- Use an audio recorder, the camera’s built-in microphone and a clapper to later sync everything in post-production: You are doing the same thing as scenario 2 but adding a clapper sound at the beginning of each shot. You will later need to sync all that audio in post-production. If you want to speed the post-production process, plugins such as Plural Eyes will batch sync your video and audio.
In all three options, you will be able to use phantom power and condenser microphones with no issue.
Types of microphones that use it
To understand which microphones need phantom power, we must compare dynamic microphones and condenser microphones. Dynamic microphones use permanently charged magnets and require no additional power. The conductive voice coil movement inside the magnet structure field generates a current. On the other hand, the condenser microphone requires extra power, usually +48V of DC. Basically, dynamic microphones are passive while condensers microphones are active electronics. For a more detailed explanation, check out our article about condenser microphones.
Some microphones that use phantom power can be small-diaphragm condensers such as the Neuman KM184MT or the Sennheiser MKE 600. Then there are large-diaphragm condensers such as the Bluebird SL or the AKG C414 XLII.
Is it dangerous?
Phantom power isn’t dangerous and will not cause you bodily harm. However, it can damage your microphone. To protect your microphone, make sure it can handle phantom power and don’t connect it to active phantom power input. Remember, dynamic microphones don’t require phantom power, but condenser microphones do.
Does it reduce noise?
Phantom power supplies a condenser microphone with voltage. It does not reduce noise, but if you use a condenser microphone without phantom power, significant noise could be present in the audio signal. This noise could be because of a faulty XLR cable or the device itself. Also, turning phantom power on could be masking the presence of noise. That is why it’s good to test the device first by connecting headphones and then the XLR cables before activating it. In most cases, it will be silenced, but there could be an electric hum making it to the output.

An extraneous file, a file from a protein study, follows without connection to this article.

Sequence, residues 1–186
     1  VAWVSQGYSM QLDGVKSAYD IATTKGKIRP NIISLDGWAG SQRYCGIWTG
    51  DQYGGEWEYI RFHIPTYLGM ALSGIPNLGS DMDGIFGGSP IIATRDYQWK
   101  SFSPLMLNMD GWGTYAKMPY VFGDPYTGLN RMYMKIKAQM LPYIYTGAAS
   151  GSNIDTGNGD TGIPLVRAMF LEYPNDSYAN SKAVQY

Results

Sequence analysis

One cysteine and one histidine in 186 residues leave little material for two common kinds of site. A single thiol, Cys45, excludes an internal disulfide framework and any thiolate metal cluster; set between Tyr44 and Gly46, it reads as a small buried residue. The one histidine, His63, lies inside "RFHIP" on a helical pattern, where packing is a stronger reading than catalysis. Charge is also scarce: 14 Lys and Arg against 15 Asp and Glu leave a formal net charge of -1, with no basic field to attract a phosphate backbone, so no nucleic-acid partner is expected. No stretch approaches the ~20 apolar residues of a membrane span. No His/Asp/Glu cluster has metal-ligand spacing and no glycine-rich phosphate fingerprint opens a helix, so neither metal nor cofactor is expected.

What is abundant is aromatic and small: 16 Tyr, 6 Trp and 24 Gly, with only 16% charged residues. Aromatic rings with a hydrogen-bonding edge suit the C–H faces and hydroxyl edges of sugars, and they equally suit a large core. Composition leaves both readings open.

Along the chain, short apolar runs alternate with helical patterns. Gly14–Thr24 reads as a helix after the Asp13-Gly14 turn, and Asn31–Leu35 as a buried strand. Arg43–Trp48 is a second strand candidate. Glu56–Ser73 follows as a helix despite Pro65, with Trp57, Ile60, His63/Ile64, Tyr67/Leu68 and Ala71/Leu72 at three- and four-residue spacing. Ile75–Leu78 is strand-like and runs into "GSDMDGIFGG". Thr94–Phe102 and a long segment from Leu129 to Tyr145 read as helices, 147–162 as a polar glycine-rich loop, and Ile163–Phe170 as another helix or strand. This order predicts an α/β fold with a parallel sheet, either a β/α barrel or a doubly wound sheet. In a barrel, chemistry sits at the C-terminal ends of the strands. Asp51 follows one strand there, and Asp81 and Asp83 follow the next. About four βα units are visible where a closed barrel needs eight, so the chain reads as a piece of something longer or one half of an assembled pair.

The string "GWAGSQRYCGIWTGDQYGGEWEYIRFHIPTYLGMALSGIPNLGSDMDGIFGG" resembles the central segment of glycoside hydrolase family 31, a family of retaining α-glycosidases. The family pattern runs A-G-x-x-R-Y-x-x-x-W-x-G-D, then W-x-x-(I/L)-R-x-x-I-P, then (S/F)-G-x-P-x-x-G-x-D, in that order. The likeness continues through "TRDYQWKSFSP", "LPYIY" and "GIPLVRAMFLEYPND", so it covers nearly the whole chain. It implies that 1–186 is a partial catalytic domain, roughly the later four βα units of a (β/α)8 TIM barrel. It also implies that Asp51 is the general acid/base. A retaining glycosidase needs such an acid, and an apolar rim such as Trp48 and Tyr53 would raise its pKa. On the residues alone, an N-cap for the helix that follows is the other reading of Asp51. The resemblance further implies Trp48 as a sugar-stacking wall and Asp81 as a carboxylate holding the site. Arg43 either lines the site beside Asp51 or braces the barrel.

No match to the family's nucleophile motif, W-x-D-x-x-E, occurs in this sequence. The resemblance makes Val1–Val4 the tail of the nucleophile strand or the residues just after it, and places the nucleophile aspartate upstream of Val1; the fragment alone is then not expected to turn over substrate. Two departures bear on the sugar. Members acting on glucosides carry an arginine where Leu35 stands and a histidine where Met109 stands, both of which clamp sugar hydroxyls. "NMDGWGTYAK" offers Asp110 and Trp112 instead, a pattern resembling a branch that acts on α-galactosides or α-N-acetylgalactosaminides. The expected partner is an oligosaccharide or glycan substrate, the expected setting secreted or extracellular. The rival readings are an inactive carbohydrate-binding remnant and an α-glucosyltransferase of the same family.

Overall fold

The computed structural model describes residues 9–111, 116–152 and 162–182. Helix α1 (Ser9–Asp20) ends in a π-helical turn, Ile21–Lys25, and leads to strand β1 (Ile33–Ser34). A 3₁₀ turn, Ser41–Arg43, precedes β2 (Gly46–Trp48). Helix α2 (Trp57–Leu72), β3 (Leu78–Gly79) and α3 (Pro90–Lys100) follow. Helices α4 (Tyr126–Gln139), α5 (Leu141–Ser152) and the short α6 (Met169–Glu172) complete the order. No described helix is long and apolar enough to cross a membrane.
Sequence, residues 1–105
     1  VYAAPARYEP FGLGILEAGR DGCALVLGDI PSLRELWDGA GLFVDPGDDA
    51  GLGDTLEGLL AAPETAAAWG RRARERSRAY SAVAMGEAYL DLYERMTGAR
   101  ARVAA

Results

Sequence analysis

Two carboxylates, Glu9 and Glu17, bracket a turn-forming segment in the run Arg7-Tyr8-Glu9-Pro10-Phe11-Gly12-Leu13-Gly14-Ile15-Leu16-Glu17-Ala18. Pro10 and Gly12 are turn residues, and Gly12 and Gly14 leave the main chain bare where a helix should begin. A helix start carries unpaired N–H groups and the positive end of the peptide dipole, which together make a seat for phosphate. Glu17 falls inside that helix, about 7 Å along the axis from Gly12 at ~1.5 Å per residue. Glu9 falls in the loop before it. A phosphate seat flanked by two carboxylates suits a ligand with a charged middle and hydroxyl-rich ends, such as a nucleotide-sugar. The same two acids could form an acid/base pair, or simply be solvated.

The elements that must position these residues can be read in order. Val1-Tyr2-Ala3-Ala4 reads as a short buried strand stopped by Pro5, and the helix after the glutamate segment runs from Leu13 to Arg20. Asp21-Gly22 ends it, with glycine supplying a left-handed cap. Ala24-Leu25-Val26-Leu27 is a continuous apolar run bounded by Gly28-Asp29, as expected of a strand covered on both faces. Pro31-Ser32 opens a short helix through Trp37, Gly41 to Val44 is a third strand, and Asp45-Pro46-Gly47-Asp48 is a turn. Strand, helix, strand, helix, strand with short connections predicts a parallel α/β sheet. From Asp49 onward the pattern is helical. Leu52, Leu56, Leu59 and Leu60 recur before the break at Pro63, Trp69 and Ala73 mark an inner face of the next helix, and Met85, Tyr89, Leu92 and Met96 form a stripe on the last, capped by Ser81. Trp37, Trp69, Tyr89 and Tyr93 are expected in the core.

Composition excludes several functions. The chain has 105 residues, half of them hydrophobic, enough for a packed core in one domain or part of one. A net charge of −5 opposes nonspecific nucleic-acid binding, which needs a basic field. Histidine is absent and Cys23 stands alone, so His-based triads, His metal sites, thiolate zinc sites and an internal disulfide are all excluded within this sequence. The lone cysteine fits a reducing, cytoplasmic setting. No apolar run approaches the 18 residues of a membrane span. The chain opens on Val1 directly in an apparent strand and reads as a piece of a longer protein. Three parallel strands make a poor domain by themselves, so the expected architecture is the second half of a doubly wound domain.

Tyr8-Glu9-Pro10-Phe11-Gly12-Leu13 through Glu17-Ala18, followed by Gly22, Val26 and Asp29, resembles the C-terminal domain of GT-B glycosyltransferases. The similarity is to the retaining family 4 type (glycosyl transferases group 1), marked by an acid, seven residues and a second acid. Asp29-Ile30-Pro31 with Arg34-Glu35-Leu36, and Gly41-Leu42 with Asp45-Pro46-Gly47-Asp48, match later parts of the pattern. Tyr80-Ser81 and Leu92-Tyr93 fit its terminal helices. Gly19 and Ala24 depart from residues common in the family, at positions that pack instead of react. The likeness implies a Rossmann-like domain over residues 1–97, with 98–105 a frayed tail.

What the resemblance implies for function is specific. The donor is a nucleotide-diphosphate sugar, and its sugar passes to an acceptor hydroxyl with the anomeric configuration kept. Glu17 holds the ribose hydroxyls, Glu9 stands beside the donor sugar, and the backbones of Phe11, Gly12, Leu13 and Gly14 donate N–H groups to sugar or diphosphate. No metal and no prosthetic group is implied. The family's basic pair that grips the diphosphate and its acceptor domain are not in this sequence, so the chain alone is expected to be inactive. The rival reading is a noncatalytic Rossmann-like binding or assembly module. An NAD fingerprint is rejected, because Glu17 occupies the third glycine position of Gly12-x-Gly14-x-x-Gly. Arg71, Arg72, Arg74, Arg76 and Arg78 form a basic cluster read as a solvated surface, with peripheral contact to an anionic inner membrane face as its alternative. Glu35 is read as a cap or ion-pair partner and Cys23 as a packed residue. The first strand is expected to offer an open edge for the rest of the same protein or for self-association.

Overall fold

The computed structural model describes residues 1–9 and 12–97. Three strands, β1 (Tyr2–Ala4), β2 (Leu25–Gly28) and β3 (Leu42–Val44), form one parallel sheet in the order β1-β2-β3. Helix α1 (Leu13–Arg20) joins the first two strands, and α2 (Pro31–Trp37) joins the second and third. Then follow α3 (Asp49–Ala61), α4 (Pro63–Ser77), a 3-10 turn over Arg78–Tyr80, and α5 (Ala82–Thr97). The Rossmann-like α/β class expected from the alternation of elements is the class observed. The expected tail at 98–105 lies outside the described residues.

Should you turn off phantom power before plugging in a microphone?
Always turn off phantom power before connecting your microphone to prevent damage to your equipment. If you don’t, you may hear a loud pop that could damage the microphones and possibly your speakers as well.
New audio possibilities
To summarize, phantom power is +48 Volts DC voltage generated by a device and used to power condenser microphones. It does not affect the sound of the audio. Additionally, it doesn’t add noise to the signal, and you can turn it on and off. Professional camcorders have built-in phantom power options that can be toggled per individual input channel. Then there are portable audio recording devices with phantom power capabilities. They can be connected to a camera without XLR connections using specialized cables to record video and audio simultaneously.
As for which microphones to use, you’ll need phantom power to use condenser microphones. It will not bring you bodily harm, but be aware that it could damage specific microphones that don’t require phantom power. Always check your specific equipment manuals if you aren’t sure.
Overall, phantom power is an excellent technology that allows you to use high-end microphones to capture better audio. Keep an eye for equipment and devices that will enable you to use it, and in no time, you will become a master at it.